THEATRE / Broken Heads - BAC, London SW11

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The Independent Culture
The influence of Francis Ford Coppola's The Godfather hangs heavily over Simon Blake's new play, which constantly gives the impression that it would rather be a film. A series of short, unsustained scenes (many overlaid with music) traces the tense family and ruthless business life of a British Jewish family.

Aaron Nathan, a survivor of the Holocaust, is driven by a desire to belong. So, when a rampantly anti-Semitic businessman threatens his family's safety and livelihood, he takes drastic action which divides the loyalty of his two sons and sets brother against brother.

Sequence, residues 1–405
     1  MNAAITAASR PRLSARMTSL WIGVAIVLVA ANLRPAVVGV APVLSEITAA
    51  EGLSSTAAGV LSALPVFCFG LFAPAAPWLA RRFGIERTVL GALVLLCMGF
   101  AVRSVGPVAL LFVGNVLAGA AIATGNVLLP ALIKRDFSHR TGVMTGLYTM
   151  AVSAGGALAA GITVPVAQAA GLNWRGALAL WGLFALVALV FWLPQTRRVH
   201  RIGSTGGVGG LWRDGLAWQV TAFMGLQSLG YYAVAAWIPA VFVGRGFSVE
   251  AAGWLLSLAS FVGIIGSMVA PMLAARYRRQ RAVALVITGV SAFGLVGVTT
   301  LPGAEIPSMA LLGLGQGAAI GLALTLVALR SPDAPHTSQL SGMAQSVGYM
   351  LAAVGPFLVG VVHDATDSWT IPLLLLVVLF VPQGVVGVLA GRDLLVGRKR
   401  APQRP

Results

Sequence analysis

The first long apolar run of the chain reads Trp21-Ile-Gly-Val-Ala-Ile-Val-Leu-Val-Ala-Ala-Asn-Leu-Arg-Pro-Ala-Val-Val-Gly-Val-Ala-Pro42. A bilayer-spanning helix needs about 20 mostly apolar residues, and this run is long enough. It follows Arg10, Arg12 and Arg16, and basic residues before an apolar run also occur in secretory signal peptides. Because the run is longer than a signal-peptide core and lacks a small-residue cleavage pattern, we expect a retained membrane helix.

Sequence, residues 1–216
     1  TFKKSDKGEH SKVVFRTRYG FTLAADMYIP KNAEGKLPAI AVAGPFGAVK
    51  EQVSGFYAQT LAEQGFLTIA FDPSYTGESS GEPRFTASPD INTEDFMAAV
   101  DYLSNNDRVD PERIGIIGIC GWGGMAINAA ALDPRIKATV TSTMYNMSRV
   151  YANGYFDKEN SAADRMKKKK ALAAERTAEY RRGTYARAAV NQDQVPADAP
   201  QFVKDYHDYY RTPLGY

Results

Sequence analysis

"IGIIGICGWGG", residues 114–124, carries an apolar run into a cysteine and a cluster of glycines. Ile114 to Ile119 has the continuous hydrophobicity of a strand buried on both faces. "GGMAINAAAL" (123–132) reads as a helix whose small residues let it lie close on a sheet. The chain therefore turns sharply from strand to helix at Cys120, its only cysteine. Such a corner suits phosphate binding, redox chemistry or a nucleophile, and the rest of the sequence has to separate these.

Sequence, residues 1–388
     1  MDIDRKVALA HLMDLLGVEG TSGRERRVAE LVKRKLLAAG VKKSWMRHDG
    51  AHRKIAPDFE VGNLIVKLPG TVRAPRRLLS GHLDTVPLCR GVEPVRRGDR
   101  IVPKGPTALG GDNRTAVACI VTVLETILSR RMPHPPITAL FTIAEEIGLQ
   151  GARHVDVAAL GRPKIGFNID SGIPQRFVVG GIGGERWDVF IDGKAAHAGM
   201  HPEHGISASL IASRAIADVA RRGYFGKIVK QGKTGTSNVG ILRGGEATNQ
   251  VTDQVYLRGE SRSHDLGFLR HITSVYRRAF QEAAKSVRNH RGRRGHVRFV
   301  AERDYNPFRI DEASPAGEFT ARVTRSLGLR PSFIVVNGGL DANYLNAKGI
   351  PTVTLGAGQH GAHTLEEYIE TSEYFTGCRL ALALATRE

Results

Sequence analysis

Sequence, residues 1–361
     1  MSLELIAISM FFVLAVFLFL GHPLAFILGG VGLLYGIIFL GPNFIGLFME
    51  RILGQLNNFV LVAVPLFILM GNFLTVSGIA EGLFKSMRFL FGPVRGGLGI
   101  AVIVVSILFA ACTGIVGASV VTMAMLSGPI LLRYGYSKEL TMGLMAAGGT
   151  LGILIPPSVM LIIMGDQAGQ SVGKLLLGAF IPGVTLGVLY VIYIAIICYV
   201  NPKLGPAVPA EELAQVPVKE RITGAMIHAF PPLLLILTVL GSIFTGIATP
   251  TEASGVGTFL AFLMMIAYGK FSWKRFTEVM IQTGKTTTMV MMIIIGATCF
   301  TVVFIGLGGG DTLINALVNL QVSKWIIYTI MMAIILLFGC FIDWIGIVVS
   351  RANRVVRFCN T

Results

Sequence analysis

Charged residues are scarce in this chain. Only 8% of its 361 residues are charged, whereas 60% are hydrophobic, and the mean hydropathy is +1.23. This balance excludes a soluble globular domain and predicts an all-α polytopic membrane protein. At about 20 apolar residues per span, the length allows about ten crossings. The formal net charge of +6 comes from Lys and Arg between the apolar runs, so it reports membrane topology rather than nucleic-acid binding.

Inter-cut with documentary-style facts about life in the ghettos and death-camps, the play struggles to come to grips with life and death issues - the guilt of survivors, violent resistance versus passive acceptance, religious and national identity - that constantly force back on a thriller-like format, with the result that the beleaguered Nathan family looks increasingly like a particularly nasty branch of the Mafia.

The young cast give committed performances (even when called upon - for no discernible reason - to give a passable imitation of Hot Gossip), but while there's plenty to admire and enjoy in Blake's chic production, it's a case of style triumphing over content, which robs the subject of impact and dignity.

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